Tuesday, October 31, 2006
Antarctica and Ekalaka
Ekalaka Chewing Tobacca, spit it on the floor! (A derelict cheer of unknown origin—probably a rival school of Carter County High School.) This is proof that some words are simply fun to speak out loud.
Years ago while applying for a job at McMurdo Station in Antarctica, I read about the issues regarding taking a holiday when working in the world's "Deep South." The discussion had to do with "polies" (those who are based at the South Pole) and non-polies (as in those who work at McMurdo Station). Polies typically travel to McMurdo for an extended weekend and once there, they can take in a movie, bowl, go to a bar or whatever else is offered/available in Antarctica's largest outpost. On the other hand, those who work at McMurdo are known to catch a flight to Christchurch, New Zealand for a brief holiday as Christchurch is the world's jumping-off point for flights to and from the frozen continent. And then the foundation of the joke is formed about what would happen if polies skipped McMurdo and went straight to Christchurch. It was concluded that they would be overwhelmed like a habitual gambler turned loose in the middle of Las Vegas, and thus never seen again.
Ekalaka, Montana is somewhat like Antarctica when it comes to isolated places in America's fourth largest state. Located in the southeast corner of the Treasure State, there is only one paved road leading to Ekalaka—a 35 mile ribbon of narrow asphalt straight to Baker. I've oftened wondered if the high school kids in Ekalaka travel to the larger town of Baker to get away from their small town of 500—reminiscent of Antarctica's polies. In fact passing through Baker is nearly a prerequisite for almost anyone from Ekalaka attempting to get "out of town." When it comes to the high school kids in Baker, it's likely that they travel to nearby Glendive or Miles City when they want to get away from their small town of 1,700. So, like the polies in Antarctica, I've pondered whether the parents of Ekalaka are taking a gamble when allowing their high schoolers a road trip to the bigger towns of Glendive and Miles City. Imagine getting that phone call from the principal at Miles City High School informing you that your child is now a MCHS student. Yikes!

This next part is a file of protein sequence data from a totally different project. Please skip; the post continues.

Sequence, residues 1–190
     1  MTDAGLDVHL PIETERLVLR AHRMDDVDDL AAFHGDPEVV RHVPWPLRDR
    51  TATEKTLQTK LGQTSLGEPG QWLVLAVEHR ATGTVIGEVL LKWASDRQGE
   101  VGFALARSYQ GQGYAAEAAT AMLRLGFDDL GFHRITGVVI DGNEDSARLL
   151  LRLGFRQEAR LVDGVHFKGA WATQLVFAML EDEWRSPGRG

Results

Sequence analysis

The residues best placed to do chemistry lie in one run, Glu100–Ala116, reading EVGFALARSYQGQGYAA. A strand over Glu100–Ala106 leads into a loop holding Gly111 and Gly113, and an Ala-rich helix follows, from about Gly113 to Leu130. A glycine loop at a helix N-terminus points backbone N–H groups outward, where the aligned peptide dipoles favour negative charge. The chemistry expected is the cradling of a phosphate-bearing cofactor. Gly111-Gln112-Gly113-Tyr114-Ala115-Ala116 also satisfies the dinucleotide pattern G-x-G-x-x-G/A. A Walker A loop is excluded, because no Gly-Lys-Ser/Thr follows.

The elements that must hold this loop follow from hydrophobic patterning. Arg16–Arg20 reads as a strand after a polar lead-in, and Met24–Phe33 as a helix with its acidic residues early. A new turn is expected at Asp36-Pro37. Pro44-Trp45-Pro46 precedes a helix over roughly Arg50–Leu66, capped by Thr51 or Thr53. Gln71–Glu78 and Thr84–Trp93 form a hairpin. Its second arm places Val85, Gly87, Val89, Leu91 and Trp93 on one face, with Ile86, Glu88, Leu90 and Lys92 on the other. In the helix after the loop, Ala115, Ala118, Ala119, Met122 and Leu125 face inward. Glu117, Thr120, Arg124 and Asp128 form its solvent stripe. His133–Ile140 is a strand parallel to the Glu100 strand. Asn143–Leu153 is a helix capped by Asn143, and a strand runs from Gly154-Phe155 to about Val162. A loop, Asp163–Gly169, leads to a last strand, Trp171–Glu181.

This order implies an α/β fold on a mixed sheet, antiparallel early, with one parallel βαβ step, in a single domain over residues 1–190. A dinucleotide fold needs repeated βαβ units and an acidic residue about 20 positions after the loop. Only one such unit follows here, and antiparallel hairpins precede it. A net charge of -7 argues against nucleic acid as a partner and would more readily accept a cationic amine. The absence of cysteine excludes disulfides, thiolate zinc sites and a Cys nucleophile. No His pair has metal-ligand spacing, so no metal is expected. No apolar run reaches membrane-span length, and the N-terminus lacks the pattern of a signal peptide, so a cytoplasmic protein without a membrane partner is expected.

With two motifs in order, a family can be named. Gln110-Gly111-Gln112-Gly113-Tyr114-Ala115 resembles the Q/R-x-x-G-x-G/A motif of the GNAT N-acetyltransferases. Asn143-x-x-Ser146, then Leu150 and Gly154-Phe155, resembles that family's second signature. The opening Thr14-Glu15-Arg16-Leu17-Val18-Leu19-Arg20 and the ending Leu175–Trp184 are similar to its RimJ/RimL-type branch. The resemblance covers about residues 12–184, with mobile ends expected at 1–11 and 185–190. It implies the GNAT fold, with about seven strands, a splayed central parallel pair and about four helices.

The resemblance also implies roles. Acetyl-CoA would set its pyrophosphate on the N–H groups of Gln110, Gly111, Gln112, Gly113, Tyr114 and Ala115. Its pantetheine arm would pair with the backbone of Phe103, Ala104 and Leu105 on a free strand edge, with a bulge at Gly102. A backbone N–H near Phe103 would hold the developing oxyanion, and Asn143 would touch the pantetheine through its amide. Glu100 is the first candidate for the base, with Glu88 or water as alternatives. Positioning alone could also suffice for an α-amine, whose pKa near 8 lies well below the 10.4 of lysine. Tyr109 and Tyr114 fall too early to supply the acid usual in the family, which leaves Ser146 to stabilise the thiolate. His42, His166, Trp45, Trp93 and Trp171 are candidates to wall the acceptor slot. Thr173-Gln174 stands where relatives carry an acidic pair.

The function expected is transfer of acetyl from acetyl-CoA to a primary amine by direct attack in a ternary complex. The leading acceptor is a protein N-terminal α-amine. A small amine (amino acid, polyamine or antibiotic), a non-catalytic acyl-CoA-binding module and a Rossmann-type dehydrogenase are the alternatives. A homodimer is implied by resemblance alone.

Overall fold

Speaking of road trips... it's a long haul from Powell, Wyoming to Ekalaka, Montana—a 667 mile round trip to be exact. Although I nearly begged my wife to join me in this trip, I travelled solo. Rising at 4:00 a.m., I was on my way by 5:00. My arrival was 45 minutes before the game started thanks to delays brought on by a couple pullovers to photograph and a half hour cap-nap at the Wordan exit along I-94. (I was happy to learn in this trip that I can sleep comfortably in the cab of my old 1990 truck—just purchased last spring—if need be.) The return home took even longer—again broken up by more photo stops and another cat-nap at the same exit. Totally exhausted, I pulled up to the house at 12:15 a.m. swearing I'd never do that again unless there was a hotel before or after the football game.
And what a football game it was—a Montana Class C eight-man playoff game between Carter County (Ekalaka) and Culbertson-Bainville (a.k.a. "Culby"). The first thing that bowled me over was the number of players dressed out for Culby. They had at least 40 players and weren't lacking in the size department either. Watching the two teams warm up, I found it hard to believe that Ekalaka had defeated the Cowboys during a regular season match-up. I was convinced that key players from Culby must have missed that first meeting.
Two small running backs with the same name—brothers Orin and Pat Hansen—joined Fruit in the backfield and proved to match Fruit's athletic ability for the hapless Cowboys. Other members of the starting team for Carter County came across the same way as their quarterback. They were hardly a flashy team to look at, but well disciplined and scrappy to the core. Truly, the game was never in any doubt.
In Culby's defense, the Cowboys started many sophomores and juniors and with those kinds of numbers and size, Wibaux and Ekalaka have surely made note of what might be coming down from the northeast in the next two years.
For now though, I'm eager to know how the Bulldogs of Ekalaka will match up to undefeated Centerville next weekend.
Postscript: Sometimes I'm convinced that this undertaking of high school football is nothing more than an excuse to go to places like Ekalaka, because I doubt I'd ever get to them driven only by curiosity.